The lecturer at my Tuesday class last week ran through a number of examples of things that people hate. Do you hate it when someone cuts you off in traffic? Do you hate it when you get junk mail or telemarketer’s calls? And so on. She didn’t say do you hate it when your yarn splits or the yarn supplier takes more than three days to get your fibers to you, but she could have. She asked us to raise our hands if we could relate to any of those statements. If so, she said, “you have a pet peeve. And look around. What a sisterhood we have in our wickedness!”
We laughed. I had not raised my hand. I don’t get peeved very much, and if I do, I don’t keep it and make a pet of it.
The lecturer was making a point about complaining. I am not one of those who thinks that complaining makes you feel better. Occasionally, you need to get something off your chest so you can move on, and occasionally you need to ask for a change in something because it isn’t right. But most of the time, in my experience, complaining makes you feel worse.
Our lecturer was saying that it also has moral and religious consequences. She was claiming that enduring hardships and wrongdoing uncomplainingly was good, that it was virtuous, that it glorified God.
It seems to me that one valid reaction to this is that religion is truly the opiate of the masses; by encouraging us to endure uncomplainingly, she might be discouraging us from speaking up for justice and decency.
Another is revulsion at the idea of a god who wants people to suffer in silence. Partygirl was in fact brought up to believe that people should offer up their sufferings to God. How many steps is that from a god who wants human sacrifice?
And yet — no one has a pet peeve like child labor or sexism. These things are too big for peevishness. None of us whines about exploitation of farmworkers. For these things, you either care enough to do something about it, or you don’t.
Even as I write this, though, I realize that it is false. Right now, all over xanga, there are people whining (check it out, I am using the word advisedly) about free speech. You would think that freedom of speech — an essential tenet of our national philosophy, and one which is actually threatened at the moment by our own government — would be too big for peevishness, but it is being discussed in terms more often used for people who have cut you off in traffic. And I went to school with a guy who once ill-advisedly whined, “I don’t know if I should go back to Beverly Hills and join my father’s psychiatric practice, or go to Colombia and join the revolution.” This phrase became, for all of us who heard it, emblematic of the whining approach to social justice.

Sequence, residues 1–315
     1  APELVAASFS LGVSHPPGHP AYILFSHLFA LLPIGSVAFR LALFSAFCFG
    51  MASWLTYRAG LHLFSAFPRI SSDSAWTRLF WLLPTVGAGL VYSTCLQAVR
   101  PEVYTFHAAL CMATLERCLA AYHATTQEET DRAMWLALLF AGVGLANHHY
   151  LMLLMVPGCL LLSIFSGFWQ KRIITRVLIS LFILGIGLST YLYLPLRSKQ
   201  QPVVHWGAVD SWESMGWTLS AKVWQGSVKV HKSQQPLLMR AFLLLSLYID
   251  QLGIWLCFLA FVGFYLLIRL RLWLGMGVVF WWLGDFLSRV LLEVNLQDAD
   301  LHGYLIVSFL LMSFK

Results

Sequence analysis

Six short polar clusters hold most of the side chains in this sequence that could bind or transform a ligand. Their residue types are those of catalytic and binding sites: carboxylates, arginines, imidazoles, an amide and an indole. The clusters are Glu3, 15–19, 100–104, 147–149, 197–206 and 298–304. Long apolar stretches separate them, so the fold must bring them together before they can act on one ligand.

When I show my concern about child labor by courteously encouraging all the people and groups that I can to use fair trade coffee, tea, and chocolate, and use it myself, I am doing more than I could do by whining and complaining about it. Obviously.
But this reminds me of the first time I heard this idea — that we should suffer uncomplainingly. At the time, I felt that I would be able to suffer more nobly if only I had more noble things to suffer. Suffering because I had too little money, or mastitis, or ticks in the yard — how, I wondered, could anyone be noble about such ignoble troubles?
Yet how much does it matter if I suffer nobly over the sufferings of enslaved children picking pesticide-laden coffee — when I don’t have to do it myself? Is there anything good about the real victims of the practice having to suffer uncomplainingly?
We are back, I think, to the idea of the pet peeve. The xangans who are whining about free speech are pretending that they are concerned about free speech. Their rants are filled with personal peevishness and self-pity, so they are not actually about free speech. My classmate who was deciding between a continuation of his life of luxury and political action was whining about his inability to make up his mind — or to be a radical without inconvenience.
Whining doesn’t persuade people to join our cause, but just reveals the self-pity under the whining. Complaining doesn’t make us feel better, but shows us in a worse light — to ourselves and to others. Vituperation and retaliation increase the sum total of wrongs without benefiting us or changing the original cause of our complaints.
When it comes to the right response to the kinds of sufferings I face in my own life — grief, inconvenience, uncertainty, difficulties in relationships, scary roads — then I think the lecturer is right. For the sufferings caused by exploitation and oppression, I’m not sure.
But at the very least, we should learn to tell the difference.